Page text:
For what it’s worth, #1 thing I’ve learned is that it usually looks worse than it is, and that the smell of the starter is a major indicator. I’ve put together a quick list of what’s worked for me + tips from the pros, check them out!
- Use a jar with a wide mouth so it is easy to feed and clean
- Plan ahead, some refrigerated starter can take a few feedings to activate
- A healthy starter is fed often, try to feed it every two weeks
- What does a healthy starter smell like?
Sweet, yeasty, and slightly sour.
- Why is the starter not bubbly? If you don’t see bubbles in 4-8 hours, it may need shorter feeding times and/or at a higher frequency.
- Why discard the starter? The old starter has little sugar and starch left and should be discarded before introducing new “food” to feed the yeast and bacteria. This will promote a healthy ecosystem in your starter jar.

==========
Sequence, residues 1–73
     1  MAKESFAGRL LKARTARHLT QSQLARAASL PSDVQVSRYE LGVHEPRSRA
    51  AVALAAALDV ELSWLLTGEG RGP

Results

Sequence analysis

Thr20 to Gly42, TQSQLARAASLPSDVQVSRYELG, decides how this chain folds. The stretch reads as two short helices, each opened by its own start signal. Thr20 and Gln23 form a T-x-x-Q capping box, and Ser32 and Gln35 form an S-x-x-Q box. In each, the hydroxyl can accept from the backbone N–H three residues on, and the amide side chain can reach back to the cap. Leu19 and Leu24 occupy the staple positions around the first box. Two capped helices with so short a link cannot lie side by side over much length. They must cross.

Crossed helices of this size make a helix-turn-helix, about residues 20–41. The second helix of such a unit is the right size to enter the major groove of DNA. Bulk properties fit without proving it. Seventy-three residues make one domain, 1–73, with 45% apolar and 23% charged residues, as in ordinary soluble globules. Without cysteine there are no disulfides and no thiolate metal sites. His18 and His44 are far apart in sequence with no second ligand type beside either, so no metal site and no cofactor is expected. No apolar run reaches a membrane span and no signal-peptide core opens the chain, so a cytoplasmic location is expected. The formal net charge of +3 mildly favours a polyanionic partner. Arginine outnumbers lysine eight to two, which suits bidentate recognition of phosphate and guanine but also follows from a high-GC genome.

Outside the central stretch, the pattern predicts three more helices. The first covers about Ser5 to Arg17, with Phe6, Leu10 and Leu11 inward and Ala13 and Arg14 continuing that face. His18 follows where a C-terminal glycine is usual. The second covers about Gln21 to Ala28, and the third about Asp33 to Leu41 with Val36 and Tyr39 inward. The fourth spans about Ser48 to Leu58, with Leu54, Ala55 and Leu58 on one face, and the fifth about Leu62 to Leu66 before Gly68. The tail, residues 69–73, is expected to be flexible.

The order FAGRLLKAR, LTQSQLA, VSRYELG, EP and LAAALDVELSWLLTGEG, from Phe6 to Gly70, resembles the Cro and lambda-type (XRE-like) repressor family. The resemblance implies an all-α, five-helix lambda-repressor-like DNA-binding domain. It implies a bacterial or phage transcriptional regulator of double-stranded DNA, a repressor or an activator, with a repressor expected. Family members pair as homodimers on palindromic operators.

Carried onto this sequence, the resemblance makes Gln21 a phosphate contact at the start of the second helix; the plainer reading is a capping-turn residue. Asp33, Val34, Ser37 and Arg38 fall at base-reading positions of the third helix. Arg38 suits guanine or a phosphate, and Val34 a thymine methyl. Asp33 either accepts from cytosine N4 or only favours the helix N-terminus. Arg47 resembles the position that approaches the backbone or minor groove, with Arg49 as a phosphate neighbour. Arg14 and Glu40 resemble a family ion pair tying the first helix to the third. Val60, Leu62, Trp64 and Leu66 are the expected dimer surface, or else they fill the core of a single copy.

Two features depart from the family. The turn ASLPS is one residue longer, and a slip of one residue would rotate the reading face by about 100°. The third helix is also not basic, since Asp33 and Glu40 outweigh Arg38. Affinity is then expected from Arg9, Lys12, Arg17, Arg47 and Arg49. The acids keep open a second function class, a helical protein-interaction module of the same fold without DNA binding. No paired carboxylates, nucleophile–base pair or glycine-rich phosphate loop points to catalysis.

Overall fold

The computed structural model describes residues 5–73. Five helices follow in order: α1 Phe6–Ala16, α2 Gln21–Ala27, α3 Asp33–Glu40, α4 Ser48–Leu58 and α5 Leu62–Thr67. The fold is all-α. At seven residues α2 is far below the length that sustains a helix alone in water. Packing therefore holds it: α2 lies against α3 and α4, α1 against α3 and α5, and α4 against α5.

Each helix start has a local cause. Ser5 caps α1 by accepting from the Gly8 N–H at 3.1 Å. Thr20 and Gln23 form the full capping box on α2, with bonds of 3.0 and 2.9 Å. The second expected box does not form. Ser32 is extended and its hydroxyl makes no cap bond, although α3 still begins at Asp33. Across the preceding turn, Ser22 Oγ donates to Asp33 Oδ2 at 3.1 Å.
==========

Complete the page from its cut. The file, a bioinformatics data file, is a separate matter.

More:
- You may find a stinky aroma from an unfed starter (I mean dirty socks or back alley), it could have gone bad from either a bacterial or mold infection, highly recommend throw it out and start over.
- If you see a layer of dark fuzzy stuff on the surface, it is most likely mold. I have had success saving the starter by carefully removing ALL the mold without contaminating the undisrupted starter underneath. Refresh in a new vessel several times.
- Sour or astringent smelling liquid on top– this is the alcohol from fermentation, discard and refresh with a feeding.
- “Oops I froze my starter!” No sweat, just thaw and refresh with a feeding or two.
Sourdough starters are stronger and more resilient than you think.
Just in a few days, you should have a lively levain ready for your next baking adventure!
Check out this post for a bit of history and how to build your own Sourdough Starter from scratch.